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By Renee Eagar *
This happens to me all the time: I mention bonds and their place in a client’s investment portfolio, and their eyes glaze over. Who can blame them? Bonds are boring, right? And they’re confusing: they rise when stocks fall and pay yields instead of dividends. Who could be bothered?
South African Investors have enjoyed good stable returns from Bonds for quite a few years to date and they have provided a great stability building block in an income-paying investment strategy, particularly in 2022 when not much else was working and equity markets globally were in upheaval.
Bonds traditionally pay you consistent, predictable returns that don’t necessarily shoot out the lights, but at least they offer some protection against stock market falls.
Or so has been the theory, which has held firm for nearly 60 years. Until 2022, when the value of global bonds and listed equities fell at the same time! In the first half of the year, equity markets were under pressure with the tech-heavy Nasdaq alone down nearly 30%, but then bond values also fell by around 10%. This made a balanced portfolio’s returns look bleak and caused concern for investors.
Going forward in 2024 the outlook for global bonds looks more favourable, at least, we expect interest rates to start falling, this has an inverse relationship for bonds. So, the 2022 anomaly was just that and there is no reason to suddenly lose faith in bonds and distort the balance in your portfolio.
In fact, I think this year is going to be a good one for global bonds. Here’s why I think so, and how you can benefit from keeping or including them in your investment portfolio.
1. Bonds help balance your portfolio
An age-old investment philosophy promotes the idea that you split your portfolio 60/40 between listed equities and bonds (or fixed income). This is supposed to give you the right balance of risk between higher growth assets (equities) and steady and conservative bonds.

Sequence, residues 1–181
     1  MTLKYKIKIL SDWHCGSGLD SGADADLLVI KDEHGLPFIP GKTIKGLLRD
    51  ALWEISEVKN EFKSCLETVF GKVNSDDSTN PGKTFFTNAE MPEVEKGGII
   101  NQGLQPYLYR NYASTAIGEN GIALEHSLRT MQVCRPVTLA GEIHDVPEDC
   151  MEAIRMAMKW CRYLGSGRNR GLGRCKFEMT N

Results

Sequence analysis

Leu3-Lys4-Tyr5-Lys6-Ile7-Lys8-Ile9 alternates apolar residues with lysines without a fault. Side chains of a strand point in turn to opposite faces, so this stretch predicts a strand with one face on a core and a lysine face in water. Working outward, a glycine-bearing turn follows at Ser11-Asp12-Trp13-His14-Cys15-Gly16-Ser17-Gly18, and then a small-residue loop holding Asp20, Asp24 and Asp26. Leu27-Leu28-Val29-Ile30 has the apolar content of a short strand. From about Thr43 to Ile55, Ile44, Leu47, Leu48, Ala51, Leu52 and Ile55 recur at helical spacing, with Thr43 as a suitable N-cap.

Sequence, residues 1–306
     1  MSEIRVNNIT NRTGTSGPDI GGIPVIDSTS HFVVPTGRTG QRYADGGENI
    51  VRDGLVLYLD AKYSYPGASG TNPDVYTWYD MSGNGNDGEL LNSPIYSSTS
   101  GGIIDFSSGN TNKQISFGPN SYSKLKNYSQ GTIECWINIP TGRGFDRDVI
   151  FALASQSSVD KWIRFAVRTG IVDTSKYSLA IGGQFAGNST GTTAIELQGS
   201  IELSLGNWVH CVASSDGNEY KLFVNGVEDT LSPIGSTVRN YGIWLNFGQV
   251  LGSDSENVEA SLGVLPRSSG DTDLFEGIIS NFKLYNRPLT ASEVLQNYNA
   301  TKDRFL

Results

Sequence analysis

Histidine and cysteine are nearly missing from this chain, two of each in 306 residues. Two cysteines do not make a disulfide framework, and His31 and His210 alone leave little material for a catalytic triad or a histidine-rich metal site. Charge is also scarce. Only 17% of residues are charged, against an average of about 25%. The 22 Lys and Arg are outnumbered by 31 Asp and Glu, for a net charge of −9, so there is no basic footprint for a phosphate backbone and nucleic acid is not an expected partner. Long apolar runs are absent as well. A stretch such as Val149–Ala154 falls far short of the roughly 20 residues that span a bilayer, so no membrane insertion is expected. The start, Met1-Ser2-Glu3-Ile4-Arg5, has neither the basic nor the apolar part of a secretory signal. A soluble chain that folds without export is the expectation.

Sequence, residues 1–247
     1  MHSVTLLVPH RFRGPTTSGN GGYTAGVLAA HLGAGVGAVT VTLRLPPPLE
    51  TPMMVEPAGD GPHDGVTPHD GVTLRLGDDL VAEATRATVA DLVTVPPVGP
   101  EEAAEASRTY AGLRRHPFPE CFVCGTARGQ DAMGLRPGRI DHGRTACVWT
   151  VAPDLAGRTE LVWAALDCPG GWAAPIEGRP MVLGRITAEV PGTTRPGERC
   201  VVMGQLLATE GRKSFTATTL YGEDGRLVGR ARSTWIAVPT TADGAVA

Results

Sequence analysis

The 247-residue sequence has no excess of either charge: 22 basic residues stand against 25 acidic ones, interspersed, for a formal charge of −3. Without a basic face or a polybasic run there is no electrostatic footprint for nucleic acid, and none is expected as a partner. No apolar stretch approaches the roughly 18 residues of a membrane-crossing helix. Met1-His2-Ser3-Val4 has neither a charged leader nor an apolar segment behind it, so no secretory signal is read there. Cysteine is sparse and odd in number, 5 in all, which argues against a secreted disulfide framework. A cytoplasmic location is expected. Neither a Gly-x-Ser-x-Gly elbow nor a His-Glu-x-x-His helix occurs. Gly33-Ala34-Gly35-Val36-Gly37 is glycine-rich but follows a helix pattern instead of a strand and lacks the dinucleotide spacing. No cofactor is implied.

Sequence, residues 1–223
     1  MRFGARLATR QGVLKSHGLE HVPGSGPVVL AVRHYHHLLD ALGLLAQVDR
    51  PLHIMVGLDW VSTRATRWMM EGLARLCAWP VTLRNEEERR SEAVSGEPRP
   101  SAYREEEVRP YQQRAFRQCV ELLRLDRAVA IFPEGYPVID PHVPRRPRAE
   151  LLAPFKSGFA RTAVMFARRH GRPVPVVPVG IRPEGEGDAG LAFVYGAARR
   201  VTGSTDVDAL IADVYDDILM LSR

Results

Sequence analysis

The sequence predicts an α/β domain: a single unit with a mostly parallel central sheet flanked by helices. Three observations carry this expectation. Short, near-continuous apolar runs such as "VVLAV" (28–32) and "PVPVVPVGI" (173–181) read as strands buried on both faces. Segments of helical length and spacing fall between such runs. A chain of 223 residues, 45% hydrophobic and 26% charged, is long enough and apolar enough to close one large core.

As mentioned, bonds usually also react inversely to stocks by increasing in value when stocks decline.
The point about the 60/40 split is that I think there are times when that rule can be broken. This obviously differs from one investor to the next and their appetite for risk, timeline and objectives for investing, but because of the growth potential in short-term US government bonds, it might make sense to lean into that opportunity or if you are an existing investor to hold onto the balance in your portfolio.
The bottom line is that you need to keep a nimble mindset about your portfolio, how it’s structured and what that means for you in the long run.
I’m not saying you should blindly change up your portfolio, but there are times that you can take advantage of changes in market conditions. I think in 2024, selected bonds are going to be solid performers and definitely deserve a look.
2. You can diversify, even within bonds
Another way to create a more balanced portfolio is to hold a mixture of bonds. Whether they be long-term and short-term, government or corporate bonds, or domestic and offshore bonds.
Looking at short-term US government bonds, for instance, they’re offering more attractive returns than longer-term bonds. This, again, is not how bonds have traditionally performed. US government long-term bonds traditionally pay higher returns to compensate investors for the increased risk associated with holding bonds over a longer period.
Corporate bonds are less ‘predictable’ and don’t offer the same level of security as government-issued bonds. I’d suggest sticking with investment-grade corporate bonds because they’re less likely to default than high-flying newcomers looking to raise cheap capital.
In my opinion, the inclusion of a good Income fund manager who can manage their allocations between a selection of bond and cash instruments is the best way to access this type of investing, this way the bond risk is managed more actively and gives investors a better sense of comfort.
3. As interest rates fall, bonds will rise
After the sharp rise in interest rates, 2024 is the year we expect them to start falling. This might only start by the middle of the year, and when it does the outlook for bonds will improve even further.
Historic data shows that bonds perform especially well when interest rates fall. Historic data also used to show that bonds rise when equities fall, but as I mentioned that was not the case in 2022.
Despite the muddy outlook for the year, there is faith that bonds will return to their old ways of rising when interest rates fall. This gives me the confidence to back bonds this year, not only because they’re more dependable, but also because they could outperform.
* Renee Eagar, Certified Financial Planner®, is head of Brenthurst Wealth Claremont, Cape Town [email protected]
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